The value of public health departments in cross-sector partnerships

blogimage_publichealth“Public health departments are getting more involved in cross-sector partnerships,” explained Kirsten Wysen, a Project Manager in Public Health in Seattle, and Patty Hayes, Seattle’s Director of Public Health, in a recent blog post for Living Cities. “Around the country, public health staff are now included at tables where they weren’t before — from transportation to early childhood development to affordable housing initiatives.”

As public health leaders working to make changes in their communities, Wysen and Hayes are well-positioned to document the benefits that public health departments can bring to a variety of cross-sector projects. “A public health approach is grounded in a focus on prevention, a foundation in science and data, a focus on community as a shared partner, and an equity and social justice lens,” they explain.

In looking through our Case Library, it’s easy to see what public health departments bring to the table in intersector projects, both in more traditional health-related projects and in other fields. In one more traditional case, the City Health Department in Brownsville, Texas, joined forces with the University of Texas School of Public Health to organize and design a farmers’ market, with the goal of making fresh fruits and vegetables accessible and affordable to residents of every income level in the city. The Brownsville Farmers’ Market opened in 2006 followed by an integrated network of initiatives including The Challenge, an annual weight loss event; CycloBia, an open streets program; policy changes including Sidewalk ordinance, Safe Passing ordinance, Complete Streets Resolution, and Smoking ban ordinance; and a Master Bike and Hike Plan aimed at providing a trail within one half mile of every residence in the city. (See our full case study on the initiative, Encouraging an Environment for Healthy Lifestyles in Brownsville.)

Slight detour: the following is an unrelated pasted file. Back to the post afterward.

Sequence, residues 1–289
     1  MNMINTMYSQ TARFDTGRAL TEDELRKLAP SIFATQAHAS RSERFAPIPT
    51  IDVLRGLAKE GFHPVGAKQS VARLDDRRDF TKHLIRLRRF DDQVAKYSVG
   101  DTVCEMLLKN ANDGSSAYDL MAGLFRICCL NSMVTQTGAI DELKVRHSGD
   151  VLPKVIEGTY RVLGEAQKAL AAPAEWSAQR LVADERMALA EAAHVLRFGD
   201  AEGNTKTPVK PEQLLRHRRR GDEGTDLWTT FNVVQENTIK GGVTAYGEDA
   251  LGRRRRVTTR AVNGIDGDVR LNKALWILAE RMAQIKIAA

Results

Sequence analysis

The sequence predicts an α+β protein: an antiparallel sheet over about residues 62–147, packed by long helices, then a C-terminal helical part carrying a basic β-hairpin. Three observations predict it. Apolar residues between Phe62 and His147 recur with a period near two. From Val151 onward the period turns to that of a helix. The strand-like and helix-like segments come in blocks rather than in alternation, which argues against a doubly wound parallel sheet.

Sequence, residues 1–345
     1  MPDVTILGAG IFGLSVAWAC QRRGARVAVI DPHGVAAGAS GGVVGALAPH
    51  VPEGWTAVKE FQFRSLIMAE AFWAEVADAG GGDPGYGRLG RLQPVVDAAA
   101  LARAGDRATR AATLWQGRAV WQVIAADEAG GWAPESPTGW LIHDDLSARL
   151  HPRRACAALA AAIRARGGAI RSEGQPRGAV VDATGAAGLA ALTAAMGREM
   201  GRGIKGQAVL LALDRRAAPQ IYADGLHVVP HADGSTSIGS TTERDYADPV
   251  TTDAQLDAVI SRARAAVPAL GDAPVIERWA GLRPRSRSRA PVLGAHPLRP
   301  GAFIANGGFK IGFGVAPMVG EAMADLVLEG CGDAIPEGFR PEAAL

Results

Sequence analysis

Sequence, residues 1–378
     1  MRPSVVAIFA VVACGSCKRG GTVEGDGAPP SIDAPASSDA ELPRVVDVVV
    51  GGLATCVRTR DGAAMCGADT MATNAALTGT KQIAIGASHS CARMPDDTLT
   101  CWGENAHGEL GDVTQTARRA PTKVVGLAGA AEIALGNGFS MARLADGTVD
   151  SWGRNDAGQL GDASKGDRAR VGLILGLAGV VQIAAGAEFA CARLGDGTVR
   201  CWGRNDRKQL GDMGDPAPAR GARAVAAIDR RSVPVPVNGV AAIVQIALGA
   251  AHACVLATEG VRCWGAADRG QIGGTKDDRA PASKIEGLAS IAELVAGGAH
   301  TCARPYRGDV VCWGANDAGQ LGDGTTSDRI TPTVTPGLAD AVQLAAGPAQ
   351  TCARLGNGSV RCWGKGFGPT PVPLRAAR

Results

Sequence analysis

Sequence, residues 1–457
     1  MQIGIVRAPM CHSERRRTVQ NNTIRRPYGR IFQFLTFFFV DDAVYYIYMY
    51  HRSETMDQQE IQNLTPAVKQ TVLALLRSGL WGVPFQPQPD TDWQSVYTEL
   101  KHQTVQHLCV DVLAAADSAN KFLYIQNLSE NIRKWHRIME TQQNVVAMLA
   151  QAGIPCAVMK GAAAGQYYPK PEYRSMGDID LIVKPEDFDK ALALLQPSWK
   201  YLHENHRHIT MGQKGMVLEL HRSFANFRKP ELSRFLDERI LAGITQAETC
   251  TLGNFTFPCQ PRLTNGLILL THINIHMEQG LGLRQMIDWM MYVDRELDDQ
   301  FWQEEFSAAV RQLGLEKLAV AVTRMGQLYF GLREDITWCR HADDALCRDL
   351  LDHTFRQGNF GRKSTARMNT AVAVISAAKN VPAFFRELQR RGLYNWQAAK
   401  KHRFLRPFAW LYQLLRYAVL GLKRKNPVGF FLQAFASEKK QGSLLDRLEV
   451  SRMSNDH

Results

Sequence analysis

In the case of Project Homeless Connect, a somewhat less traditional example, San Francisco’s Homeless Outreach Team, a social services outreach team that is part of the Department of Public Health, proved instrumental in the creation of a program that connects San Francisco’s homeless population to vital resources throughout the city.

“One of the clearest reasons to work with a local health department is to access local, geographically based health data,” said Wysen and Hayes. They also note that the departments sometimes have staff who “have considerable experience, skills, and social networks within communities.” The work that the Homeless Outreach Team contributed to Project Homeless Connect is at the intersection of these two important assets. The Outreach Team had developed research methods, notably the Acuity Index Form — a quick screening that could be used on the street by nonmedical staff in under ten minutes — to assess the needs of homeless individuals and determine next steps to help them. Project Homeless Connect used the index to determine what goods and services its events should offer to have the most significant impact. By August of 2013, Project Homeless Connect had held 52 volunteer events, with over 45,000 volunteers providing services to almost 70,000 homeless and low-income San Franciscans. (See our full case study Providing Care to the Homeless Population in San Francisco.)

“There are many … ways health department staff can contribute to community development work,” Wysen and Hayes concluded in their post. “It is through these collective efforts that meaningful improvement can take shape for the well-being of our communities.”